Hybrid AF Therapy

Hybrid AF Therapy is a minimally invasive cardiac ablation that combines the expertise of cardiac surgeons and electrophysiologists. Afib affects over 33 million people worldwide and approximately 75% of those people have persistent or long-standing persistent Afib1. Patients suffering from complex forms of AF have very few effective treatment options available. Hybrid AF Therapy can provide a solution for this patient population.


Explore helpful tools including product brochures, procedural guides, videos, and a variety of other resources in the Clinical Resources section.

For information about our Hybrid AF™ Therapy Programs, please check out available courses or get in touch with our team via the “Contact Us” form below.


Hybrid AF Therapy, using the EPi-Sense System, combines the advantages of:

  • Minimally invasive pericardioscopic epicardial ablation
  • Endocardial radiofrequency (RF) catheter ablation

Epicardial ablation uses RF energy applied to the posterior left atrial wall, distal from the esophagus. The aim is to create durable and contiguous lesions while reducing risk of injury to the adjacent structures of the heart.

Endocardial RF ablation employs mapping and ablation to target the regions requiring additional treatment, as well as those areas impeded by pericardial reflections during the epicardial procedure. Pulmonary vein isolation (PVI) completes the lesion set.


Clinical Data from the CONVERGE IDE trial suggests

The prospective, superiority, randomized, controlled CONVERGE IDE trial revealed the success of Hybrid AF Therapy compared to endocardial RF catheter ablation alone.2,3 Highlights include the following.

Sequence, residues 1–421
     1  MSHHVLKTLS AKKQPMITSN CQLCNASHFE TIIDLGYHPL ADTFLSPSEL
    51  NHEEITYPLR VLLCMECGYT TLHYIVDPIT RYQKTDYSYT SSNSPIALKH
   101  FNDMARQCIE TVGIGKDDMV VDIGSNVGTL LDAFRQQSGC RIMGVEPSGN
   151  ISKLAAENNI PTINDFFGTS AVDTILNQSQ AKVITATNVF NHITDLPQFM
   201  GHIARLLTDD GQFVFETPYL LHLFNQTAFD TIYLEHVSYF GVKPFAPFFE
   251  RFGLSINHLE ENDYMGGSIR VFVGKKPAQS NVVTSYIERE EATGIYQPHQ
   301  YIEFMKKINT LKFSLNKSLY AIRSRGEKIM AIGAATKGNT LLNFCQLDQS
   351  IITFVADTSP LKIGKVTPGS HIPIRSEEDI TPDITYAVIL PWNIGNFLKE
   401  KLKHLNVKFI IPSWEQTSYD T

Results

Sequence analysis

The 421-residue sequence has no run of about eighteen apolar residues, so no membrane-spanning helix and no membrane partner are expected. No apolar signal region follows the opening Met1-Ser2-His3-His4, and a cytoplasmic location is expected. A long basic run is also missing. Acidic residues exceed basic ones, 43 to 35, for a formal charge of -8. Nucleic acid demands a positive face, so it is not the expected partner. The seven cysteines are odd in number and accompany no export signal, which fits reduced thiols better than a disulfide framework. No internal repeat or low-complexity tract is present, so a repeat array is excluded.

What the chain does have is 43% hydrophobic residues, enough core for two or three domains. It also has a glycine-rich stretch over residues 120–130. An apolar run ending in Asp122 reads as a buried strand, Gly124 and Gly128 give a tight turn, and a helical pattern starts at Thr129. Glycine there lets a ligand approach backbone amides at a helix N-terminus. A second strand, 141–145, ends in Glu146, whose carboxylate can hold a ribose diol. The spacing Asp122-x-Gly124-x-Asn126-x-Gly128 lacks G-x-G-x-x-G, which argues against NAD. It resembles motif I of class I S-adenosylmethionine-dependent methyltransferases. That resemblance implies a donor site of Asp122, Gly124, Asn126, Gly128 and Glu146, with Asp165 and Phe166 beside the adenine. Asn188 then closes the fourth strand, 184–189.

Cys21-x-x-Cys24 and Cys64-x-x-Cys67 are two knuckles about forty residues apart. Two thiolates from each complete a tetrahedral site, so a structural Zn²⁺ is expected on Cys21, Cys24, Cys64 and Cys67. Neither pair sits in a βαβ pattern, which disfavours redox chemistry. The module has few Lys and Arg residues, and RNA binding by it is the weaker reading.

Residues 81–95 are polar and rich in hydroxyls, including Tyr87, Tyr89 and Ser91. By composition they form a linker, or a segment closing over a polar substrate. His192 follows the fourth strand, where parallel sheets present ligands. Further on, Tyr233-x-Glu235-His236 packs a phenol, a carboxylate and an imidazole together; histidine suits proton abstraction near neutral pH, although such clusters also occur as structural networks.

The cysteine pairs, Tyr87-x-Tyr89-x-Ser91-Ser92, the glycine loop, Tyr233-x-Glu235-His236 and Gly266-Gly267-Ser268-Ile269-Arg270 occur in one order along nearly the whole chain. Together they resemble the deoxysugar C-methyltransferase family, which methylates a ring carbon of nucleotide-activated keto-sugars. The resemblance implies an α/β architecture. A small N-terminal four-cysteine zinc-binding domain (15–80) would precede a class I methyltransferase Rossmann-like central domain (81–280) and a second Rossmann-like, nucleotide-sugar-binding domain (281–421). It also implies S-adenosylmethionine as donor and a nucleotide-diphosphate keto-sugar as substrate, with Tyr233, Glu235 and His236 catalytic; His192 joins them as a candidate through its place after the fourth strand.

Quality of Life
People in the Hybrid AF Arm report feeling better, both physically and emotionally. Procedure is safe and effective.3

Catheter Ablation Alone for LSPAF
Catheter ablation is often effective for paroxysmal atrial fibrillation. However, a recent Consensus Statement points out that the efficacy of endocardial catheter ablation to treat persistent atrial fibrillation and LSPAF is 30-40%.5

Prevalence of Atrial Fibrillation
One in 4 adults over age 40 will develop atrial fibrillation (AF) in their lifetime4. Afib affects about 33 million people worldwide, and approximately 75% of Afib patients have persistent or long-standing persistent Afib1. Afib increases a person’s risk of stroke6 and heart failure development7, and it is linked to an increased risk of mortality7,8.

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EPi-Sense Guided Coagulation System

EU Indications:

The EPi-Sense® Guided Coagulation System with VisiTrax® is intended for the coagulation of cardiac tissue using Radiofrequency (RF) energy during cardiac surgery for the treatment of arrhythmias including Atrial Fibrillation (AFIB) or Atrial Flutter (AFL). Contraindications: Patients with presence of left atrial thrombus, a systemic infection, active endocarditis, or another infection local to the surgical site at the time of surgery. Patients with Barrett’s Esophagitis.



  1. Berisso et al. Epidemiology of atrial fibrillation: European perspective. Clin Epidemiol. 2014; 6: 213–220.
  2. DeLurgio, D.B., et al. (2021). Hybrid epicardial-endocardial RF ablation vs. endocardial catheter ablation for long-standing persistent atrial fibrillation treatment: Results from CONVERGE randomized controlled trial. International AF Symposium.
  3. IFU for EPi-Sense® Guided Coagulation System Data: PMA# P200002.
  4. Lloyd-Jones, D.M., et al. (2004). Lifetime risk for development of atrial fibrillation. Circulation, 110, 1042-1046. doi: 10.1161/01.CIR.0000140263.20897.42
  5. Calkins H, et al. (2017). 2017 HRS/EHRA/ECAS/APHRS/SOLAECE Expert Consensus Statement on Catheter and Surgical Ablation of Atrial Fibrillation. Heart Rhythm, 14(10).
  6. Braid-Forbes, M.J. Health Research, 2014 CMS SAF, August 2016. NIS for volume and Medicare to look back over 3 years and obtained diagnosis. Additional data source: Society of Thoracic Surgery Database.
  7. Odutayo, A. et al. (2016). Atrial fibrillation and risks of cardiovascular disease, renal disease, and death: systematic review and meta-analysis. BMJ; 354:i4482.
  8. Boriani, G., & Proietti, M. (2017). Atrial fibrillation prevention: an appraisal of current evidence. Heart, 104(11):882-7.